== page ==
Issuers that were at the lowest rating and on negative watch or negative outlook as at March 1, 2020 will be considered.
If an issuer is downgraded after March 1, 2020 below the minimum credit ratings set out above, the issuer will remain eligible for primary and secondary market purchase in the CCFF, subject to HMT approval.
Where a short-term credit rating is not available the Bank will consider whether a long-term credit rating can be used to assess eligibility and pricing, or whether the Bank can assess that the issuer is of equivalent financial strength. Whilst it is not currently clear how such an assessment will be carried out, it is important to note that companies without credit ratings may still be able to access the CCFF. See “Headline terms of CCFF - Eligible Issuers” above.
Where a company does not have an existing credit rating, the Bank of England has suggested that it may be possible to obtain a public rating or a private credit assessment at a recent point in time from one of the major agencies that can be shared with the Bank of England and HM Treasury as evidence of investment grade credit quality. The Bank of England is speaking with the credit rating agencies on this subject.
If a company has an existing commercial paper programme, it should be possible to use that existing programme to issue eligible securities for the CCFF. The most notable requirements for those issuers intending to use existing an programme are:
If the existing programme satisfies all applicable eligibility criteria and this has been confirmed with the assisting bank, the relevant issuer can apply by submitting an application form and supporting documents (see How to Participate below).
Where there is no existing programme, eligible securities will need to be issued, either under a new programme or a standalone issuance. In either case, the key determinants of how quickly commercial paper can be issued are likely to be the appointment of parties (in particular, a dealer and paying agent), agreement of the legal documentation and delivery of condition precedent documents.
In terms of documentation:
Unless the company intends to be a regular issuer of commercial paper, a standalone programme based on the ICMA standard documents is likely to be the most straightforward option for prospective new issuers of commercial paper.
In addition to the CCFF application documents discussed below (see How to participate below), the condition precedent documents to be delivered for an issuance of commercial paper would typically include:
In addition to the eligibility requirements, stakeholders will need to consider the impact on any existing financing arrangements, in particular whether the issuance of commercial paper is permitted. This is important given that the Issuer will be required to represent and warrant to the Bank that the issue of the commercial paper will not conflict with, or violate, an agreement or instrument binding on it and the Bank’s obligation to fund is also subject to a draw stop event where any event of default, default termination, acceleration event or termination event has occurred.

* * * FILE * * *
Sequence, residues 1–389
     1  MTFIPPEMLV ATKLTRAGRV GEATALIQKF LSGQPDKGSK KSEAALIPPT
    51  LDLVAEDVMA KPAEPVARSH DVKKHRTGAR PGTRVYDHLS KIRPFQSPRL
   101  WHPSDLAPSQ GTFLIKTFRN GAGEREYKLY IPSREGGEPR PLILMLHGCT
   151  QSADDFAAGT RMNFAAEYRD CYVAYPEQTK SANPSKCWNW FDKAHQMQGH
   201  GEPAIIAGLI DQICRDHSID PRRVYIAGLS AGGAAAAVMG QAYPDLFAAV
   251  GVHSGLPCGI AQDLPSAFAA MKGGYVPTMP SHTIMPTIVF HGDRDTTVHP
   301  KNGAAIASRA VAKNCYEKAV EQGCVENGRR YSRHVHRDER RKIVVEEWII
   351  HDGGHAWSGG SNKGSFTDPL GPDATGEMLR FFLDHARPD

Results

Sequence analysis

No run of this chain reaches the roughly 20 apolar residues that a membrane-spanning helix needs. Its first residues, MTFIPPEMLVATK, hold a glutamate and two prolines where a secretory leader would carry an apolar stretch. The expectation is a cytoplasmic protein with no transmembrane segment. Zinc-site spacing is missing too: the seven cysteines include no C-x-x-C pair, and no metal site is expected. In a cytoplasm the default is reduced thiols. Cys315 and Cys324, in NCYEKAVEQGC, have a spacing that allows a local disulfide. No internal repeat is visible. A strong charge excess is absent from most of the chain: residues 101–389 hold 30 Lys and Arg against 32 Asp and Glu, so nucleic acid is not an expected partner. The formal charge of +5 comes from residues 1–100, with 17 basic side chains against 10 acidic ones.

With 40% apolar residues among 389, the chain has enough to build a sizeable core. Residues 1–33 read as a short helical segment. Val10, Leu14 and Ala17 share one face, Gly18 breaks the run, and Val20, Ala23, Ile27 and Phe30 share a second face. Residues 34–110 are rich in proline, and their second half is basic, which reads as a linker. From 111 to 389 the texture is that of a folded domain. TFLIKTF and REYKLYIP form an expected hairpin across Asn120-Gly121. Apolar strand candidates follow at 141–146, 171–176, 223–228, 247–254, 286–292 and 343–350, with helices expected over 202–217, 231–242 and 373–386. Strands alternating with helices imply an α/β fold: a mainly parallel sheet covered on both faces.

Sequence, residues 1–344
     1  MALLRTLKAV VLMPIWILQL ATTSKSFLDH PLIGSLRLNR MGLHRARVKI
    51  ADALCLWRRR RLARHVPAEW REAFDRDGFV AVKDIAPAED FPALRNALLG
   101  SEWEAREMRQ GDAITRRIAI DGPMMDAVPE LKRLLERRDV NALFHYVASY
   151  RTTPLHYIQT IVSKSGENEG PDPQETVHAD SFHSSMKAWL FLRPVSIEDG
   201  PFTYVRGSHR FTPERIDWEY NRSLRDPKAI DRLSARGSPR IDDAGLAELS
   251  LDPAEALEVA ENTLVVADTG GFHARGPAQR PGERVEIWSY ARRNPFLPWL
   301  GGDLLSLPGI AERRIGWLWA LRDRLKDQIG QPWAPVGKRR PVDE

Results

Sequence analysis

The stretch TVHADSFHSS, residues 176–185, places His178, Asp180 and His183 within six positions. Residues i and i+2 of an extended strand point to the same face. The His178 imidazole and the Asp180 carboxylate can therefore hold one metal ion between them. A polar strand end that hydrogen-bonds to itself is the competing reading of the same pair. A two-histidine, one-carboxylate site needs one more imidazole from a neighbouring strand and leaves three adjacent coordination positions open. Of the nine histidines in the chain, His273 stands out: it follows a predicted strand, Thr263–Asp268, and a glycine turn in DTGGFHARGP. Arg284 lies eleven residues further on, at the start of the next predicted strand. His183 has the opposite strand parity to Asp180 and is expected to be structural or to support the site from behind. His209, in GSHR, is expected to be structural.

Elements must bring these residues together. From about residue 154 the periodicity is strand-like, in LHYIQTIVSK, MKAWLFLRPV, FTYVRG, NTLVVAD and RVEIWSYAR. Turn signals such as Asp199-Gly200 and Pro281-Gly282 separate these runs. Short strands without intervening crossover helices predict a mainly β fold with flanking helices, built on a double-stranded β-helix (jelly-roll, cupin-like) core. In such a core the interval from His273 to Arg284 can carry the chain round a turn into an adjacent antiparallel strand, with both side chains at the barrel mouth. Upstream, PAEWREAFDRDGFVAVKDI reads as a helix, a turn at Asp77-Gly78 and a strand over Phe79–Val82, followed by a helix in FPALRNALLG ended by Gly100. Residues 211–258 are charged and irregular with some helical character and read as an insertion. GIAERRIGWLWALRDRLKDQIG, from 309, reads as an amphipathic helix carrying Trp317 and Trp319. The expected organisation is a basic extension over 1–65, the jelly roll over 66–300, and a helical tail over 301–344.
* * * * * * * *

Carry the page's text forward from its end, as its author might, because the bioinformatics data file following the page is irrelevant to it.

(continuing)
This will generally require a review of existing finance documents to determine if the issuance of commercial paper is permitted under, in particular, any restrictions on the incurring of financial indebtedness, any restrictions on granting guarantees and security by any obligor under existing financing (given the requirement to notify the Bank of any security or guarantees created and to offer equally and rateably such guarantees and security to the Bank, the knock-on impact on existing financial covenants on issuing commercial paper.
The existing contractual position may influence whether the commercial paper is issued via an existing company or a special purpose vehicle to issue the commercial paper, noting that where a special purpose vehicle is used, the requirement for a primary entity guarantee may also require consent under existing financing documents and there are similar representations in the standard form guarantee to those set out above as to the authority and ability for the guarantor to give such a guarantee without these breaching or conflicting with other agreements binding on the guarantor.
To the extent consents or waivers are required there is, as yet, no mention of legislation being introduced to override any provisions in existing finance documents related to a company’s existing financial indebtedness or to shorten the period for obtaining their consent by imposing short “snooze and lose” voting periods. Will the company seek a waiver or amendment of any restrictions on incurring further debt? Will existing financiers be able to react in time or will a company access the CCFF notwithstanding such restrictions, assuming existing creditors will be supportive and/or the needs of the business should prevail? In any event, early engagement and stakeholder management will be key. Consideration will also need to be given by Issuers as to whether they can give the representations and warranties as to its solvency (or where these have arisen as a result of the COVID-19 outbreak these have been disclosed to the Bank).